More children were hospitalized with COVID-19 in September than in any month since the pandemic arrived in Wyoming, according to state data.
Officials at Wyoming Medical Center, the largest hospital in the state, said they are not at the point of needing crisis standards. That hospital does, however, have a record patient load, with 196 people admitted as of Tuesday. Sixty-four of those patients are being treated for COVID-19 or virus-related illness, Dr. Mark Dowell said in a video message Tuesday — more than 30% of all admitted patients.
So many beds are occupied that the hospital is keeping would-be patients in the emergency room until space opens up for them, Dowell said, adding that some elective procedures at the hospital may have been halted.
Dowell said this is the highest patient total at Casper’s hospital at least since he arrived in the early 1990s.
Wyoming Medical Center officials have declined to answer questions about the facility’s needs with specific details. When asked how many patients an ICU nurse is treating now versus what is typical, spokesperson Mandy Cepeda demurred.
When asked how many patient transfer requests Wyoming’s largest facility has declined in recent weeks, she demurred again, confirming only that the number of denials is on the rise.
Twice last week the facility reported zero available intensive care unit beds.
In Casper and all other Wyoming hospitals, staffing has been a primary problem.
“We hear overwhelmingly staffing is an issue across all our facilities,” Josh Hannes, vice president of the Wyoming Hospital Association, said. “Not even just clinical staff, which is certainly the biggest part of it. But the housekeeping, environmental services staff, dietary staff, food service staff ... I mean all positions. They’re really struggling to have enough people to do the work they need to do.”
Wyoming's COVID spike is putting increasing pressure on the state's hospitals, schools and workforce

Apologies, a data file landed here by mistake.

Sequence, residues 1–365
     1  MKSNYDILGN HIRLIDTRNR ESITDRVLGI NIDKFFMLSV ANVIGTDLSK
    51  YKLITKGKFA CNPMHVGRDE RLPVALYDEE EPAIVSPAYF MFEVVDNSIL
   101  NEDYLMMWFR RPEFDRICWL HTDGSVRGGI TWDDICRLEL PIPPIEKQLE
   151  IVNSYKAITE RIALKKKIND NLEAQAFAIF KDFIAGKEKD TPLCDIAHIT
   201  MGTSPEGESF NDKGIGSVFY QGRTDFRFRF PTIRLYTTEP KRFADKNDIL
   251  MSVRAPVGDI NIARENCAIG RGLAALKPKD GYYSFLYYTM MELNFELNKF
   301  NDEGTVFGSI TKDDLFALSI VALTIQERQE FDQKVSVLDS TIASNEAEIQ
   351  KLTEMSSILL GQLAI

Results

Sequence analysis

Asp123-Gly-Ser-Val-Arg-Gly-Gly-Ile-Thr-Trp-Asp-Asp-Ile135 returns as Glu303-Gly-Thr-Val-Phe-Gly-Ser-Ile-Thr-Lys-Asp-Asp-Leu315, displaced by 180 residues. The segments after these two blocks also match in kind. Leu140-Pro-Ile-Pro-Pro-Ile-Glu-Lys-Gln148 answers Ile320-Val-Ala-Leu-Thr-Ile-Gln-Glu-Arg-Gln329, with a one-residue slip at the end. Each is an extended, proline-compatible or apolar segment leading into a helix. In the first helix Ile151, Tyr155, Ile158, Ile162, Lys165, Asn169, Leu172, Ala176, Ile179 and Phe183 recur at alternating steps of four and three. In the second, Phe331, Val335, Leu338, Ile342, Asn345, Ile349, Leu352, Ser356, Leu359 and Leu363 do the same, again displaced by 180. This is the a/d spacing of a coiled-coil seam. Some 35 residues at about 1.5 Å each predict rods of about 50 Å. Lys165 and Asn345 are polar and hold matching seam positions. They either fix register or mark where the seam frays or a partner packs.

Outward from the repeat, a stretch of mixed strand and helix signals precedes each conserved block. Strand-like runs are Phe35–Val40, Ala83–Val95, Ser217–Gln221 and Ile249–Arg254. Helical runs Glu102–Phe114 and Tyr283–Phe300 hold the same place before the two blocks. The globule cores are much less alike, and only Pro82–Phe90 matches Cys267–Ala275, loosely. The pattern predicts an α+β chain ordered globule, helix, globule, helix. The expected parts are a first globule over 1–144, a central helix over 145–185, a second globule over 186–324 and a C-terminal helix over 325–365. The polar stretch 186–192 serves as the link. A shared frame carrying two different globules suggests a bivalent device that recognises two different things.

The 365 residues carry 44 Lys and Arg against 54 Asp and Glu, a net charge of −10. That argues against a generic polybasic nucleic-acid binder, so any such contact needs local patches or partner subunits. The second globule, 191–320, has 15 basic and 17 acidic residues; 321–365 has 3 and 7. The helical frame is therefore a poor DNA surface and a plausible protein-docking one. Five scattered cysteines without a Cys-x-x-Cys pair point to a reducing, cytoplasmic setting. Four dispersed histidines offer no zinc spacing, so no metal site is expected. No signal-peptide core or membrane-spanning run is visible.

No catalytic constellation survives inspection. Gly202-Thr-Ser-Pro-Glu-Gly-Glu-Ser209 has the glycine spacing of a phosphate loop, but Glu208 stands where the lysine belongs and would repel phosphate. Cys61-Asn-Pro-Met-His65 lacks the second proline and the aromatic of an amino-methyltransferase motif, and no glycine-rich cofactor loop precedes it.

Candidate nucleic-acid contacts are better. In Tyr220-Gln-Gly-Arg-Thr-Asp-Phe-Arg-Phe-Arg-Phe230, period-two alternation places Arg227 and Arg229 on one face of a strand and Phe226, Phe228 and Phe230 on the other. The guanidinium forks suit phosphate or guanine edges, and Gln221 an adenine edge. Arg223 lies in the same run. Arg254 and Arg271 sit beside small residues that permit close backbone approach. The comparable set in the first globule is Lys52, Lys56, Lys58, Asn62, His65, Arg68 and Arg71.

During the current COVID surge, hospitals, schools and local businesses are largely on their own, left to grapple with a new environment of personal choice.
The hospital association is coordinating two different efforts to address the staffing problem, but they each have their own challenges.
First, the association is coordinating the release of $20 million, allocated by Gov. Mark Gordon, to help hospitals and other facilities keep existing staff and recruit people to vacant positions. That money can also be used for vaccine incentive programs for hospital employees.
The other project has $10 million to hire traveling nurses. But having that money does not guarantee Wyoming will get those professionals.
“It’s been more difficult now than when we did the same thing in the November to March time frame,” Hannes said. “One is because people are just leaving the industry.”
During the last surge, Wyoming worked with the traveling nurse contractor Medical Solutions and brought in about 300 temporary workers to Wyoming facilities.
That company today lists more than 50 unfilled temporary positions across the state. In surrounding areas, the need is even greater. Idaho and Montana both have openings for more than 100 hospital positions.
Another firm contracting traveling nurses, Aya, lists more than 59,000 openings nationwide.